Chapter three finds Ben trying to jog Clark's memory about Mya's whereabouts while Lewis tries to hunt them down. Clark decides that the best way for him to regain control of his thoughts is to take Rod's displaced head and attach electrodes to it a la The Brain That Wouldn't Die. Clark finally remembers that a certain blond mentioned going to a train station to leave town with her lover; the two men are off at once. They reach the train station and this segment's director Dan Bush confirms that we're in the psychological horror part of the evening. Instead of the sweaty, grimy, bloody climax we were promised in chapter one, we get 15 minutes of Lewis and Ben trying to out-think each other through voice over and flashes of the signal on a bunch of TVs nearby. Need I say who wins? In the end, however, I can't say I really have any clue what happens.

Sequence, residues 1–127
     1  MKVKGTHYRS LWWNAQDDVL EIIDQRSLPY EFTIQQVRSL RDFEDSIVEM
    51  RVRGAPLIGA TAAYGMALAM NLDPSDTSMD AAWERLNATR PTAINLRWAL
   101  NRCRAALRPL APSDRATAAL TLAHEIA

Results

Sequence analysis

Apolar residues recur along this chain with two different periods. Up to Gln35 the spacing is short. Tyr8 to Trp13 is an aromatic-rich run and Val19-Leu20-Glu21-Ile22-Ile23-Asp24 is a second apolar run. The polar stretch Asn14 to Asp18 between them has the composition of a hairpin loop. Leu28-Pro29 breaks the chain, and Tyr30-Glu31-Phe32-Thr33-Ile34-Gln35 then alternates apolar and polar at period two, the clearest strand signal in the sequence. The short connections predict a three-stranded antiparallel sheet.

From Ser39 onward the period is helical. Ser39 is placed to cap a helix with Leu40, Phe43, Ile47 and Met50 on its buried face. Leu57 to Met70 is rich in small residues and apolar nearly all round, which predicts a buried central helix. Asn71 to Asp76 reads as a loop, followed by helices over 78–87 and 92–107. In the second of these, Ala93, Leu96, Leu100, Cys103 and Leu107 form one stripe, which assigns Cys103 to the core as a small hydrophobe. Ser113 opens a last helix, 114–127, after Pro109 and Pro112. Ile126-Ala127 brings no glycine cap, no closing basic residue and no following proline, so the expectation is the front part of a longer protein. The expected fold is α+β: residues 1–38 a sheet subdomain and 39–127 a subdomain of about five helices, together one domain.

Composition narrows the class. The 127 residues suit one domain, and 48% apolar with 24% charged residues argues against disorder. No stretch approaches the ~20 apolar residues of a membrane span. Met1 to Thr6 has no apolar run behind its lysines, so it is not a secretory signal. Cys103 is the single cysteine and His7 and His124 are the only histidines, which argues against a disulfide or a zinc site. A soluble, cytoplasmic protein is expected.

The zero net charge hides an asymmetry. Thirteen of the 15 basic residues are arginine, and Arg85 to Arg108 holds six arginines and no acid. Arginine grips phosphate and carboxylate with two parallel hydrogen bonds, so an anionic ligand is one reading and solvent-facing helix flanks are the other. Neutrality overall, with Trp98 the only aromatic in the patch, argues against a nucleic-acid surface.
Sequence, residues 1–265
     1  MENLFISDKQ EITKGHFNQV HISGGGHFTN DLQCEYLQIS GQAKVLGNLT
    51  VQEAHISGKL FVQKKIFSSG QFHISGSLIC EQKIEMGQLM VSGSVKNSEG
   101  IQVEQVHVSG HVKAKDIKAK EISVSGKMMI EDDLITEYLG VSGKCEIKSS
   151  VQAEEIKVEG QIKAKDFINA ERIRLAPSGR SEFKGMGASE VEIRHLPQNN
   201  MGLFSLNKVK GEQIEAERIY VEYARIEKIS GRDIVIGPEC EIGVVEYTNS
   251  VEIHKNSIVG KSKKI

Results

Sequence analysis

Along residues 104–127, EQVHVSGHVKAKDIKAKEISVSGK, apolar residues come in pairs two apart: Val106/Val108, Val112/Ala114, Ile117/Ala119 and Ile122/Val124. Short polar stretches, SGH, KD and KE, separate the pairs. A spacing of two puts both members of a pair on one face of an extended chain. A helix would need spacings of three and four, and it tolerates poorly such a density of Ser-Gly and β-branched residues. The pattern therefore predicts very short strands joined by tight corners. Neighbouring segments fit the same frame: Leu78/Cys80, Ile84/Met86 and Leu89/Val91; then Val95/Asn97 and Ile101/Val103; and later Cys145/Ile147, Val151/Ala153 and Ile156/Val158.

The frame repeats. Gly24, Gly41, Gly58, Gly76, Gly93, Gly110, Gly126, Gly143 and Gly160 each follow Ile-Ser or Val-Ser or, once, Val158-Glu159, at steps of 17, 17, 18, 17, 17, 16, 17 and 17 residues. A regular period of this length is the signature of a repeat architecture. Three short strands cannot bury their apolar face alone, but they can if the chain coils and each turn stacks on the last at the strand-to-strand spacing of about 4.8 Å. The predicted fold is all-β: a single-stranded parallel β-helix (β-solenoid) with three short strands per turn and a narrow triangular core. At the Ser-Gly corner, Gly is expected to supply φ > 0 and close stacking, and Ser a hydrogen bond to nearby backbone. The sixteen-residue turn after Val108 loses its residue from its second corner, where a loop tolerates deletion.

The Signal was fun while I was watching it, but, as soon as it ended I felt cheated. The performances are all great especially coming from relative nobodies and the editing, production design, and cinematography are extremely well executed. So what we have is a problem of direction and writing, the curse of the anthology movie. Where were all the zombies? Where did all that madness go? Now, my main issue with this movie stems from the fact that a review told me this was a zombie movie. It's not, and so I should just get over it, but that's not this films biggest failing. The first act sets up a perfectly serviceable plot with acceptably trite cliches in a new kind of situation and then acts two and three drop the ball pretty spectacularly. Bruckner put so much time in setting up a great, paranoid first act and his two collaborators were not the least bit interested in picking up where he left off. Here's what chapter one sets up; the signal, whatever it may be, is turning people into violent sociopaths who act on their every impulse. Where does the signal come from? How does Ben keep control of his thoughts? What about the music in Mya's headphones keeps her from going as crazy as everyone else? Why was Rod spared? What is the Signal actually doing to people's brains? What does the rest of the city, or the world look like? Well Gentry and Bush could care less and we'll never learn the answers to any of those questions, save one; Ben's immunity is explained pretty pretentiously by Bush. I wouldn't have found the last two thirds of the movie so disappointing if a much better conclusion wasn't demanded of the first act.